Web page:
Introduction: The current body of literature examining the impact of race upon outcomes for patients admitted to the intensive care unit (ICU) is limited. The primary objective of our study was to explore this question using a large cohort drawn from an electronic health record (EHR)-based data source.
Methods: We conducted a retrospective cohort study using Multiparameter Intelligent Monitoring in Intensive Care (MIMIC-II), an EHR-derived database encompassing ICU admissions to an academic medical center in Boston, Massachusetts, between 2001 and 2008. Adults admitted to a medical or surgical ICU were assessed for the primary outcome of 30-day mortality and secondary outcomes of in-hospital mortality and hospital length-of-stay. Multivariate logistic regression was used to determine the association between race and the primary outcome.
Results: The study cohort consisted of 14,684 adult ICU patients-10,562 White, 1311 Black, 363 Asian, 868 "Other," and 1580 without known race. Thirty-day mortality rates experienced by Black and Asian individuals were significantly lower than mortality among those identified as White, with odds ratios of 0.62 (95 % CI 0.50-0.77) and 0.64 (95 % CI 0.44-0.93), respectively. Patients without known race experienced the highest crude mortality overall (27.4 %) and twice the adjusted odds of mortality compared with the White group.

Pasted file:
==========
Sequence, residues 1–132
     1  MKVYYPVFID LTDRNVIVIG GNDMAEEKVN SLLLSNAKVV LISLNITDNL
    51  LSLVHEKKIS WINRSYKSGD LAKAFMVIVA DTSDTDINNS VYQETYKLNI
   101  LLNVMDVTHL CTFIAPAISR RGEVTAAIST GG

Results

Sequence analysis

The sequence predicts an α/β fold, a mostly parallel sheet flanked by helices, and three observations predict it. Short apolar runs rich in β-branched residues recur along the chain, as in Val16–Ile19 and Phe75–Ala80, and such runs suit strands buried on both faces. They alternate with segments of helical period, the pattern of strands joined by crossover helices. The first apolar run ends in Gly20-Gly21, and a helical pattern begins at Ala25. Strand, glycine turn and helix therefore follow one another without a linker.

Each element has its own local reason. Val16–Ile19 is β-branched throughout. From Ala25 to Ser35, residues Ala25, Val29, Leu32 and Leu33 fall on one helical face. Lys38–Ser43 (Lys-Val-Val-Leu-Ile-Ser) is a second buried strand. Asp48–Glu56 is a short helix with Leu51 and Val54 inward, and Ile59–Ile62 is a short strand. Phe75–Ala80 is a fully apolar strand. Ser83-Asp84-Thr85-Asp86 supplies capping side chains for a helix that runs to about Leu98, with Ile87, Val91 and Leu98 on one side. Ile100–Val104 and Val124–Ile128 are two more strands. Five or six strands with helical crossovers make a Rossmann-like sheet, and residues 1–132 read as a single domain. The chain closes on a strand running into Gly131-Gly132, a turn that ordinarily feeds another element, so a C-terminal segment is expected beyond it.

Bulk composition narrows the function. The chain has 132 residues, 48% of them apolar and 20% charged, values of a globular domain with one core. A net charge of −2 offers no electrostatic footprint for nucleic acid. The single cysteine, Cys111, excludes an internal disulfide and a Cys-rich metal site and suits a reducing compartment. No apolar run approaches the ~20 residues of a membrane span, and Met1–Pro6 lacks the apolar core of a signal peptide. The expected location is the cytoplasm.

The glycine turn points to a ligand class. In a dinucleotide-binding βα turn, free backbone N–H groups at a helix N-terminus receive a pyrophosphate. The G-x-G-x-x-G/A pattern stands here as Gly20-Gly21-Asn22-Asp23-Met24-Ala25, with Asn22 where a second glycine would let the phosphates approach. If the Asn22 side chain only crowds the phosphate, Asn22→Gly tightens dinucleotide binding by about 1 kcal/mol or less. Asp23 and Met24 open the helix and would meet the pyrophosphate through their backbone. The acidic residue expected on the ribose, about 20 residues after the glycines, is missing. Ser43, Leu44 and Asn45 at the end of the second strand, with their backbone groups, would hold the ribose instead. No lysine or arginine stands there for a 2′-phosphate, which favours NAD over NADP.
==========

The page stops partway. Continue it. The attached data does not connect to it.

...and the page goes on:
Conclusions: In a large, racially diverse cohort of general ICU patients, White patients experienced significantly higher mortality than non-White patients. Our results are consistent with findings from other studies that indicate that the non-White race does not appear to negatively impact short-term survival following ICU admission.
Keywords: Critical care; Disparities; Electronic health records; Intensive care unit; Outcomes; Race.